The basics about the site and about transition.
Sunday, April 10, 2011
Dr. Gary J. Gates, a demographic researcher at UCLA specializing in the demographic and economic characteristics of the LGBT population, has released a report estimating that there are 700,000 people in the United States who identify as transgender. Published estimates (including work by Lynn Conway) suggest prevalence between 1 in 1000 and 1 in 200 Americans. Based on this estimate, trans people have a larger population than many major cities, including Baltimore, Boston, Seattle, and our nation’s capital, Washington D.C. If we all lived in the same city, it would be one of the 20 largest in the country.
The Massachusetts Behavioral Risk Factor Surveillance Survey represents one of the few population-based surveys that include a question designed to identify the transgender population. Analyses of the 2007 and 2009 surveys suggest that 0.5% of adults aged 18-64 identified as transgender (Conron 2011).
The 2003 California LGBT Tobacco Survey found that 3.2% of LGBT individuals identified as transgender. Recall that the 2009 California Health Interview Survey estimates that 3.2% of adults in the state are LGB. If both of these estimates are true, it implies that approximately 0.1% of adults in California are transgender.
Several studies have reviewed multiple sources to construct estimates of a variety of dimensions of gender identity. Conway (2002) suggests that between 0.5% and 2% of the population have strong feelings of being transgender and between 0.1% and 0.5% actually take steps to transition from one gender to another. Olyslager and Conway (2007) refine Conway’s original estimates and posit that at least 0.5% of the population has taken some steps toward transition. Researchers in the United Kingdom (Reed, et al., 2009) suggest that perhaps 0.1% of adults are transgender (defined again as those who have transitioned in some capacity).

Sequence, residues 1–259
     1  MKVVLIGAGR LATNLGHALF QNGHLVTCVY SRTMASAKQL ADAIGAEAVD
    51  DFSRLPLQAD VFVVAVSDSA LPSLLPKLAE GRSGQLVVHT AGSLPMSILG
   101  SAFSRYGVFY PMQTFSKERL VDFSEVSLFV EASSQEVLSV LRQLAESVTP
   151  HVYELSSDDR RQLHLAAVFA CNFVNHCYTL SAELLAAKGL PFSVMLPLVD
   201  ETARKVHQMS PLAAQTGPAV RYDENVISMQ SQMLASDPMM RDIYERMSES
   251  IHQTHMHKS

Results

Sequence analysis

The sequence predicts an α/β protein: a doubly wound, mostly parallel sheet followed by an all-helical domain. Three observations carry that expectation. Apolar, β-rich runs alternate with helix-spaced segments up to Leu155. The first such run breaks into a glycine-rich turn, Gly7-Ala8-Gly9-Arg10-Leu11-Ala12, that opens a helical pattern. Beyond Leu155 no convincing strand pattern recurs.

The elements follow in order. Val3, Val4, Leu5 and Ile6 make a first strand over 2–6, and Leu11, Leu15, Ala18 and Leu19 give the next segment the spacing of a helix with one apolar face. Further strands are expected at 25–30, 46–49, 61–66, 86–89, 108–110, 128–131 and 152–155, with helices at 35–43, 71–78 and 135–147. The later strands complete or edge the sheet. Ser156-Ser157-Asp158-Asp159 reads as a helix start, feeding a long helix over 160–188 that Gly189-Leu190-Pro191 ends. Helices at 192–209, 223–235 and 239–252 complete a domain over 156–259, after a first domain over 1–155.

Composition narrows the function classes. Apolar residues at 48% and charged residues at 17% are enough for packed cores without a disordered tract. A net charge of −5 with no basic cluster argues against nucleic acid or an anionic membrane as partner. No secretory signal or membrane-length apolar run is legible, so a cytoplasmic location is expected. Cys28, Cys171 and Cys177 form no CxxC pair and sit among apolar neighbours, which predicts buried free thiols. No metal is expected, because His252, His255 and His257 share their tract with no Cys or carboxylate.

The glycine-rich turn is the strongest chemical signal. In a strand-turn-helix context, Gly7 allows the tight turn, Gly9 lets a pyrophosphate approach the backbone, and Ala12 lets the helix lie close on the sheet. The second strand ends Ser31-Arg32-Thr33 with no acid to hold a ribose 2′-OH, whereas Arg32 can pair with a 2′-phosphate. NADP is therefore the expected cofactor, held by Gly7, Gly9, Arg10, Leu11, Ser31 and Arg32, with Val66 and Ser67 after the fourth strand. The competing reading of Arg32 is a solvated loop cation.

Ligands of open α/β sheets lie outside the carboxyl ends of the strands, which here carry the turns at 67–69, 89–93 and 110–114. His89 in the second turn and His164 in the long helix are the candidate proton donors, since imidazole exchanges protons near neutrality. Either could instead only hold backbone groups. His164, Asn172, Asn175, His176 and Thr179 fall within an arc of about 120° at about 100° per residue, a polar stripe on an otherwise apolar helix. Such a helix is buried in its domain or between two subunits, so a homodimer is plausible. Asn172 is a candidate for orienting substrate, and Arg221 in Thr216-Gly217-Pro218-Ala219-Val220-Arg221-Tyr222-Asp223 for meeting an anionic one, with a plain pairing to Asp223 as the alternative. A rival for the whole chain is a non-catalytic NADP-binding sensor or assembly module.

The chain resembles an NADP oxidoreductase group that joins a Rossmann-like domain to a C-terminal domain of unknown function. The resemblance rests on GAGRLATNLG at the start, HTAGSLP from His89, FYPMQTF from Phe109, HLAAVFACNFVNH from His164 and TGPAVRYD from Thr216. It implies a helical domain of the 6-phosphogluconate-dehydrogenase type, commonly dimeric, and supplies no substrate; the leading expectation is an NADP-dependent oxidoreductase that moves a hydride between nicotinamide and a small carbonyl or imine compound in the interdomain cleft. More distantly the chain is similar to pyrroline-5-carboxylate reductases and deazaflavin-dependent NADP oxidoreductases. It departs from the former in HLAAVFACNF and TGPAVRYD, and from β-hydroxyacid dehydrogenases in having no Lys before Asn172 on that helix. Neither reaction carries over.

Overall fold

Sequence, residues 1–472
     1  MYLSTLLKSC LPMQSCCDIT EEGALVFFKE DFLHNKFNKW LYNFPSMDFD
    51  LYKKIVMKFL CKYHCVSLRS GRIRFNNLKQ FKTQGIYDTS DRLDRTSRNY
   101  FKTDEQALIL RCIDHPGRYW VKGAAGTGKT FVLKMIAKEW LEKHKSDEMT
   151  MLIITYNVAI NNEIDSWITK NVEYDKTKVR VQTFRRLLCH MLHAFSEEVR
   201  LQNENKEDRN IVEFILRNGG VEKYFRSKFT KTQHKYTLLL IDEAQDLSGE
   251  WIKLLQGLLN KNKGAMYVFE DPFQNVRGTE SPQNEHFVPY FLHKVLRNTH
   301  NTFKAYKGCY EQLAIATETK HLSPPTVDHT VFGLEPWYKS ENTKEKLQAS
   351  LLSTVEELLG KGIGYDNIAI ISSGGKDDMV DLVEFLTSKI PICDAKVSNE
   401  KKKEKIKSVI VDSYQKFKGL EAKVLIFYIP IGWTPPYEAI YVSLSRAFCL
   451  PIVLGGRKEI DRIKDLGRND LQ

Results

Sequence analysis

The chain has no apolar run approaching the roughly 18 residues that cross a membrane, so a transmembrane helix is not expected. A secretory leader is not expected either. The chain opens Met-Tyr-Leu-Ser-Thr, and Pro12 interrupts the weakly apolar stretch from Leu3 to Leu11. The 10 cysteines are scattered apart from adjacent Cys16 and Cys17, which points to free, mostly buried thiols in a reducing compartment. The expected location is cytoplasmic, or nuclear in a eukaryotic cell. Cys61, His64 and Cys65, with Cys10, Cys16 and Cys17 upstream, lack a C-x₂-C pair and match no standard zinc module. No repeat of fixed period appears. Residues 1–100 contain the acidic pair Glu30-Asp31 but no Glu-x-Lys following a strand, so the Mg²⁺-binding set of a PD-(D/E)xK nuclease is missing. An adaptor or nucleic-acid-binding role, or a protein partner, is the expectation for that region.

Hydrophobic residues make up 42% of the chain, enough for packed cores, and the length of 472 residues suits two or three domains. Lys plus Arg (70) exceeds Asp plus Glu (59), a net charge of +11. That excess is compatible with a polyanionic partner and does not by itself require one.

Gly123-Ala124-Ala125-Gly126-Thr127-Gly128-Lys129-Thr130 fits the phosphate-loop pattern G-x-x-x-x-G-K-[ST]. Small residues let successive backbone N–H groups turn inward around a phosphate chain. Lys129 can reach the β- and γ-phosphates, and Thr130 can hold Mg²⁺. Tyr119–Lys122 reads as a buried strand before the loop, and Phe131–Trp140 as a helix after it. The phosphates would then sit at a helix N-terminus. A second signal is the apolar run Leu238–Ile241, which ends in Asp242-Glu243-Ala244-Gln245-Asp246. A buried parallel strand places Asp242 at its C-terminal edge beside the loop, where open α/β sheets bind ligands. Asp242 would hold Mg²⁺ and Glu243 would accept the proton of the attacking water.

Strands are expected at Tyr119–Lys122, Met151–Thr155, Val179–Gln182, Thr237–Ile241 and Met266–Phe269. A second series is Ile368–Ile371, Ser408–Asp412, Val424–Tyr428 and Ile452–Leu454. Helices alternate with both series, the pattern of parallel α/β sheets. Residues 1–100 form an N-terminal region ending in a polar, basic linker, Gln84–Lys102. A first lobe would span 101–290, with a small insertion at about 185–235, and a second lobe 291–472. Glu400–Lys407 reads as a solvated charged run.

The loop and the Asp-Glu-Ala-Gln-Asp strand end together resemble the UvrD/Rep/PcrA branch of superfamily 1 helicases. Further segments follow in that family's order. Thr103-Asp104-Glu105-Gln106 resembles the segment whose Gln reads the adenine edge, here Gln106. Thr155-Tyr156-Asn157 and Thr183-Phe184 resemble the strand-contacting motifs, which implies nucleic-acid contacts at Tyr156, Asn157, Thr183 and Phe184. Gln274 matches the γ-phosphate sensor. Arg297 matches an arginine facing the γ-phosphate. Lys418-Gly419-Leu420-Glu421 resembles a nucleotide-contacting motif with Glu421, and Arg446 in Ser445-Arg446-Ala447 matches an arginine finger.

Notably, the estimates of those who have transitioned are consistent with the survey- based estimates from California and Massachusetts. Those surveys both used questions that implied a transition or at least discordance between sex at birth and current gender presentation.
How many people are lesbian, gay, bisexual, and transgender?
The Williams Institute on Sexual Orientation and Gender Identity Law and Public Policy at UCLA School of Law
Posted by Andrea James
on 04/10 at 08:19 AM
Friday, July 02, 2010
A reader has generously translated the timetable section of this site into Spanish.
Un lector ha traducido generosamente la sección de calendario de esta pagina en español.
Lanzarse demasiado pronto a vivir full time es probablemente la principal causa de posible infelicidad en una transición. La mayor parte de nosotras desea hacerlo pronto, pero hay que ser realista. Creo que cuanto más te prepares para vivir full time, mayor es la probabilidad de que tengas una transición sin problemas. Aquellas que quieren ser aceptadas como mujeres por otras personas deben adecuarse a su nuevo rol mental, física y financieramente.
Personalizando el cronograma de tu transición
Posted by Andrea James
on 07/02 at 05:11 PM
Friday, October 02, 2009
Trans author and philanthropist Joanne Herman has published a new book called New book: Transgender Explained For Those Who Are Not:
Joanne Herman, a transgender woman who read everything in sight to understand her own gender incongruity, has been helping others with her non-complicated explanations of transgender for almost a decade. Now she has written down her explanations for all to read in Transgender Explained For Those Who Are Not. Organized by topic into short, easy-to-read chapters, Transgender Explained is perfect for parents, relatives, colleagues, friends, allies and even journalists who want to quickly get up to speed on what it means to be transgender.
Posted by Andrea James
on 10/02 at 10:55 AM
Wednesday, August 19, 2009
Calpernia Addams notes in a thoughtful essay full of advice for young people considering a gender transition:
Transition is never perfect, never easy and never finished. But it does get better, it does easier and it does recede into the background as time goes by.
[...] Focus on your dream, visualize yourself as a beautiful, happy woman living in her own place, with her own car and a good job where she is so valued and essential due to her skills that they would have no problem accepting her past if it should ever come to light.
Much more excellent advice at the link below.